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Commissioners walk a fine line

There's no real playbook for Selig in dealing with a troublesome owner.

May 15, 2011|David Wharton

The commissioner felt as if he had no choice.

One of his teams, situated in a major market, could not make payroll. The owner simply did not have the cash, so the league took over.

If this sounds like a recap of the current Dodgers drama, it isn't.

This scenario occurred in 2008 when the NHL assumed control of the Phoenix Coyotes, then fought owner Jerry Moyes in court to prevent him from selling to a Canadian businessman who might have moved the franchise north.

Commissioner Gary Bettman insisted he was trying to protect the stability of the game in much the same way that a fellow commissioner, Bud Selig, recently invoked "the best interests of baseball" when he appointed a representative to oversee the Dodgers' day-to-day operations.

For The Record
Los Angeles Times Tuesday, May 17, 2011 Home Edition Main News Part A Page 4 News Desk 1 inches; 43 words Type of Material: Correction
Sports commissioners: An article in the May 15 Sports section about the role of commissioners of major league sports said former Major League Baseball Commissioner Kenesaw Mountain Landis had left the game after fighting with owners. He died in 1944 while still commissioner.
For The Record
Los Angeles Times Sunday, May 22, 2011 Home Edition Main News Part A Page 4 News Desk 1 inches; 43 words Type of Material: Correction
Sports commissioners: An article in the May 15 Sports section about the role of commissioners of major league sports said former Major League Baseball Commissioner Kenesaw Mountain Landis had left the game after fighting with owners. He died in 1944 while still commissioner.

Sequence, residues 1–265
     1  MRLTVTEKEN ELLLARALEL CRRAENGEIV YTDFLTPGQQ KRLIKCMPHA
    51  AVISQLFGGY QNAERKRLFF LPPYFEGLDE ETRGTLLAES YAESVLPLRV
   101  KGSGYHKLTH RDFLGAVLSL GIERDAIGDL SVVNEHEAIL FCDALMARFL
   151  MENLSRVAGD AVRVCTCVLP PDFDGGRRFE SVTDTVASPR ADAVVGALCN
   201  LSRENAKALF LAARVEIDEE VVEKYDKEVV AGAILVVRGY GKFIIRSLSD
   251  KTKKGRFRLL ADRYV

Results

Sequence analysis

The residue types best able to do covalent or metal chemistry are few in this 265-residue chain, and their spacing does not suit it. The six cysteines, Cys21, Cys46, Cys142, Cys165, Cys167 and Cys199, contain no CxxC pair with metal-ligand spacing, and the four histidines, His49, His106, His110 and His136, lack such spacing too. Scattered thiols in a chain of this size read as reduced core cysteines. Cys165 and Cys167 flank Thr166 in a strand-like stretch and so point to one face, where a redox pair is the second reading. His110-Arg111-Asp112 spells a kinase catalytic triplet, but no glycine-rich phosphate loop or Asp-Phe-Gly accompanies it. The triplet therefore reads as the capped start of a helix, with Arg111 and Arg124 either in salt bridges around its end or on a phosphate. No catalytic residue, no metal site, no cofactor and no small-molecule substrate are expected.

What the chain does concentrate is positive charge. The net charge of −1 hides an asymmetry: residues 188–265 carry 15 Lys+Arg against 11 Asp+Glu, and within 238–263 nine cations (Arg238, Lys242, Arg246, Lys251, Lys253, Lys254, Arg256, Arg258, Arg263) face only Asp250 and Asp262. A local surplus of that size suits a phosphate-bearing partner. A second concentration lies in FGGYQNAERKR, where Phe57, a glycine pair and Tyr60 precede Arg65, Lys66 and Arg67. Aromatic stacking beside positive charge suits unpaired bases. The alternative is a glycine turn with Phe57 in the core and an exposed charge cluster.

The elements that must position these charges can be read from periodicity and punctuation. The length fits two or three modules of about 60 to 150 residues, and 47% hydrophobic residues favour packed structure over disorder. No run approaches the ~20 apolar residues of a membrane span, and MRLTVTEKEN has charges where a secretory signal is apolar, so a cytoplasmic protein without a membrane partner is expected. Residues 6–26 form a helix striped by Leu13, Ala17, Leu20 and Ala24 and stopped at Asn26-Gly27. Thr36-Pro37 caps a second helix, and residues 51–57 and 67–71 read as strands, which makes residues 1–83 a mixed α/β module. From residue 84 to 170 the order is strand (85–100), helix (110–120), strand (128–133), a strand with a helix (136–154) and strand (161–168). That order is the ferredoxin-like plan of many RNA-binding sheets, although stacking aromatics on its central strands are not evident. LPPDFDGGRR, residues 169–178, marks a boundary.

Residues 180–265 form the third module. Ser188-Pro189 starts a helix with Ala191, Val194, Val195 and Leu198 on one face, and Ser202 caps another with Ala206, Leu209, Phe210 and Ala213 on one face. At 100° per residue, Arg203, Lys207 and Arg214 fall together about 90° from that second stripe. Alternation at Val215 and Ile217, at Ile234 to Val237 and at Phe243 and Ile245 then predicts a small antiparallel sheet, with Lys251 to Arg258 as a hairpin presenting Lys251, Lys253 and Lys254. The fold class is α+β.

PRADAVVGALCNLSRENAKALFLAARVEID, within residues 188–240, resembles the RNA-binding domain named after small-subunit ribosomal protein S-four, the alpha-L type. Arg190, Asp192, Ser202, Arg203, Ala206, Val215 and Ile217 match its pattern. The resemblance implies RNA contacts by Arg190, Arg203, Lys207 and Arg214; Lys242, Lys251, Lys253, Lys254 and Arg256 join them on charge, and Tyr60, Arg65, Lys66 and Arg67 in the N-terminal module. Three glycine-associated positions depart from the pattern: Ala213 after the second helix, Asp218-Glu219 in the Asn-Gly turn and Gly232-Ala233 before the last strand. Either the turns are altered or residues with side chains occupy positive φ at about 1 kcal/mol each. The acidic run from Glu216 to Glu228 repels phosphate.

Whenever commissioners take drastic action against an owner, the question arises: Who truly runs the major sports leagues?

While commissioners rule from on high, they are hemmed in on one side by players unions and collective bargaining agreements. On the other side stand the men who gave them their jobs in the first place.

"The biggest fallacy in the public view is the widespread belief that the commissioner can basically do anything he wants," said Fay Vincent, who preceded Selig as the head of baseball. "You have to remember the commissioner works for the owners."

Perhaps the public's misperception dates to America's first famous commissioner.

In the early 1900s, the National League and American League presidents ran baseball along with a third party of their choosing. This select committee never accomplished much because its members could never agree on anything.

Then came the 1919 Black Sox scandal. After Chicago White Sox players were accused of throwing World Series games, the sport turned to Kenesaw Mountain Landis, a tough-minded federal judge, to restore credibility.

"You have told the world that my powers are to be absolute," he warned the owners. "I wouldn't take this job for all the gold in the world unless I knew my hands were free."